Invalid Partial Memory Access

Occurs when a read or write instruction references a block (2-bytes or more) of memory where part of the block is logically invalid.

Problem type: Invalid partial memory access

Problem type: Invalid memory access (Write)

ID

Code Location

Description

1

Allocation site

If present, represents the location and associated call stack from which the memory block adjacent to the offending address was allocated.

2

Deallocation site

If present, represents the location and associated call stack from which the memory block containing the offending address was deallocated.

The deallocation makes the access to the offending memory address logically invalid.

3

Read or Write

Represents the instruction and associated call stack responsible for the partial invalid access.

If no allocation or deallocation is associated with this problem, the memory address might be one of the following:

  • Logically invalid stack space (below the current stack pointer value)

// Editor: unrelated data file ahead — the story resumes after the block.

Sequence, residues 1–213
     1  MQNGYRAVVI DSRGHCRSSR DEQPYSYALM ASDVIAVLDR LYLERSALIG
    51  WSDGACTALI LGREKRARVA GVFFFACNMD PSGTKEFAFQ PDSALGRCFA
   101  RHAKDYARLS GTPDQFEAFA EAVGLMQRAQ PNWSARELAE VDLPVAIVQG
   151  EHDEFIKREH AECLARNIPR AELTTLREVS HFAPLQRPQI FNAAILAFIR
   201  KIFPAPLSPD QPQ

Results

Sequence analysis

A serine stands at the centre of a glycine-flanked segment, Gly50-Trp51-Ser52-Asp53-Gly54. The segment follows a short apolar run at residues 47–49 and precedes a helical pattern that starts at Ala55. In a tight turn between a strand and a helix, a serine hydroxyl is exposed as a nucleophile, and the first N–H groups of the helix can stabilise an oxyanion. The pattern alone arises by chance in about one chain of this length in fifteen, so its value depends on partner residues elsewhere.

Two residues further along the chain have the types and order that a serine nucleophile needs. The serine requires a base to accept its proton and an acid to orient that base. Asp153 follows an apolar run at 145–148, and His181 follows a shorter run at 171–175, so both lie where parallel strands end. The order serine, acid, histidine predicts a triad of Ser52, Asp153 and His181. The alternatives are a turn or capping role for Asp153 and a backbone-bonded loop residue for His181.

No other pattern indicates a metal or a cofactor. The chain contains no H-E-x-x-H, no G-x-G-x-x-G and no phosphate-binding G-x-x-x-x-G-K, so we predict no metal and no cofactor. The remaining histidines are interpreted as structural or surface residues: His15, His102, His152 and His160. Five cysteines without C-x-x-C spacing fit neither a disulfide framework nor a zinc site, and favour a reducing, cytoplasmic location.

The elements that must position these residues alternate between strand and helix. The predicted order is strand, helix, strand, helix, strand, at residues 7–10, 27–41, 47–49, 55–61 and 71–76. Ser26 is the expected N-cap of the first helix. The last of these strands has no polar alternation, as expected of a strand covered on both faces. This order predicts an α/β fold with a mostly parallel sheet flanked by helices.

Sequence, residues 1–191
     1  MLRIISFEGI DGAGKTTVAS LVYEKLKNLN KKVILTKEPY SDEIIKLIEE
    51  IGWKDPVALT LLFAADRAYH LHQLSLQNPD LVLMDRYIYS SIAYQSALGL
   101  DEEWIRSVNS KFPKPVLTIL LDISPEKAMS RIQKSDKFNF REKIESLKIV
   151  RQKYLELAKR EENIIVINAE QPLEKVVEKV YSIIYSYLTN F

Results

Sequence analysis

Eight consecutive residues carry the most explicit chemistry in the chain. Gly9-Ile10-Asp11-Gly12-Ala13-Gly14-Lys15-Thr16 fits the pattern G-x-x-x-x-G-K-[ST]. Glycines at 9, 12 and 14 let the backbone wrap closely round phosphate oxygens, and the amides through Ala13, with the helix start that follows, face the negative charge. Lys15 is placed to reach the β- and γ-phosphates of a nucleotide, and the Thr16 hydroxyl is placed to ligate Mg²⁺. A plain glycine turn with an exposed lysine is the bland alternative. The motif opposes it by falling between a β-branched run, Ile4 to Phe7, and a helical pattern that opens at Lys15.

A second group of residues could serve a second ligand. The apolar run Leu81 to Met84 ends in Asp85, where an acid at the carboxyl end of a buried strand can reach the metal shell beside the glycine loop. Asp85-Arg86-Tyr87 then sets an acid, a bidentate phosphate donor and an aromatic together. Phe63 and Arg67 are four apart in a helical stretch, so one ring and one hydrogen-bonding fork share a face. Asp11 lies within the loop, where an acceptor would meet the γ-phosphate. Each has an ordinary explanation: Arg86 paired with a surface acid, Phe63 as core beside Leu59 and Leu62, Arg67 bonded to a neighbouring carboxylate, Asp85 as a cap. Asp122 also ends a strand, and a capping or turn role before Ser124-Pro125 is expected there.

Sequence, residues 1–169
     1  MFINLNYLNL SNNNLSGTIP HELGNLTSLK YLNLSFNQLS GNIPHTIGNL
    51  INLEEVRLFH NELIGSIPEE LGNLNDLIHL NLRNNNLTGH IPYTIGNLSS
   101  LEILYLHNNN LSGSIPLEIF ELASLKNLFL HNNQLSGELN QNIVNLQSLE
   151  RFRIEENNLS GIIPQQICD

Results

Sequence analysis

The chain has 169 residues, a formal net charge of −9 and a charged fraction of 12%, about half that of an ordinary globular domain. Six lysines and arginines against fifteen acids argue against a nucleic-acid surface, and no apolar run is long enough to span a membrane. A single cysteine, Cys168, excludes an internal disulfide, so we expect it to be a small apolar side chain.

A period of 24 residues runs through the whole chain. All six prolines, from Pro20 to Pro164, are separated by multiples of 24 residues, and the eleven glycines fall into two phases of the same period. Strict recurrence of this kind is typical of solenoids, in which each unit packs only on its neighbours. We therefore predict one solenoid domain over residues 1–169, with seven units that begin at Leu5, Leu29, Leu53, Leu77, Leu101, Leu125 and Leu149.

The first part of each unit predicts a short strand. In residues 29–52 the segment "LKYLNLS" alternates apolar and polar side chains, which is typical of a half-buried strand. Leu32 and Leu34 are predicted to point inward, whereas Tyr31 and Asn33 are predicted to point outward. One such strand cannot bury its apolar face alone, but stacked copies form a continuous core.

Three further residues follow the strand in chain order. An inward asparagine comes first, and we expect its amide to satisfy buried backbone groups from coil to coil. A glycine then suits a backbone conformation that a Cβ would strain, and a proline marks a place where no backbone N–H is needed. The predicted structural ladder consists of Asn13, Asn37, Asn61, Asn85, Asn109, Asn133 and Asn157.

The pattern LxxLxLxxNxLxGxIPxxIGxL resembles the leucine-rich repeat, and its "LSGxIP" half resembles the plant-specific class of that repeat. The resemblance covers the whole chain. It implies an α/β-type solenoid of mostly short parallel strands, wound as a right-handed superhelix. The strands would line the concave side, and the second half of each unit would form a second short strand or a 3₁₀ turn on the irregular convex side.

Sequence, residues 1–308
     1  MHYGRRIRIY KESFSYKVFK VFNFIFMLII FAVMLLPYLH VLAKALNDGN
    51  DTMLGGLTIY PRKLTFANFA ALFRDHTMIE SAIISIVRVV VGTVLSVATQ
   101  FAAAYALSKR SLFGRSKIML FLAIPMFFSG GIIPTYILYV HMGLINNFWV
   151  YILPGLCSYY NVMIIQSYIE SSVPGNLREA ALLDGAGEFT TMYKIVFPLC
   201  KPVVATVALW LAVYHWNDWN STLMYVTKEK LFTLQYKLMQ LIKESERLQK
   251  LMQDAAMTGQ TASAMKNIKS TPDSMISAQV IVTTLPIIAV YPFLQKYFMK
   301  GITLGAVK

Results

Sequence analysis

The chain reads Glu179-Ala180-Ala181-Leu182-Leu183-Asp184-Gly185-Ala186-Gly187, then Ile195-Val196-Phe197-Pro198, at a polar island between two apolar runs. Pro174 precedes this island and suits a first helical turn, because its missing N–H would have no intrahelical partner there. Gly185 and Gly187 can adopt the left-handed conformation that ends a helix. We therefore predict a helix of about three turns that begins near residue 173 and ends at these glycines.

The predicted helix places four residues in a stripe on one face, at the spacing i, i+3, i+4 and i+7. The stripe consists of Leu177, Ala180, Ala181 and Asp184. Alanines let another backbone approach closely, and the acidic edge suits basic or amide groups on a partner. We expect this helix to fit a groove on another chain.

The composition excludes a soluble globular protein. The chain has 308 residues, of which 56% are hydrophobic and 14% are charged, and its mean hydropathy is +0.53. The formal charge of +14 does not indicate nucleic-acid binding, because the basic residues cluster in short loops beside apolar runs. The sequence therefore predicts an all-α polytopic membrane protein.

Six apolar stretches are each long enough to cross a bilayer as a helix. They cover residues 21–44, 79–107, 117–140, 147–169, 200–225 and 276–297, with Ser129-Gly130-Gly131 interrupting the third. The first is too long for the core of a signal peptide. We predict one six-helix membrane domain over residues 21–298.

• Memory that is physically not allocated to the process

Note

The offset, if shown in the Code Locations pane, represents the byte offset into the allocated buffer where the Invalid partial memory access occurred.

Example

struct tally
{
   int num;
   char count;
};
struct tally *pCurrent = (struct tally *)malloc(5); // incorrect size allocated
struct tally *pRoot = (struct tally *)malloc(sizeof(struct tally));
pCurrent->num = 1;
pCurrent->count = 1;
*pRoot = *pCurrent; // will result in partial invalid read

Note

Different compilers and optimization levels can produce different assembly for block copies of memory. Depending on the generated assembly, this example might produce an invalid memory access problem.

Possible Correction Strategies

The typical cause of an invalid partial memory access problem is a miscalculation of the required size of an object. Determine the correct size for object creation.


Supplemental documentation specific to a particular Intel Studio may be available at <install-dir>\<studio>\documentation\ .

For more complete information about compiler optimizations, see our Optimization Notice.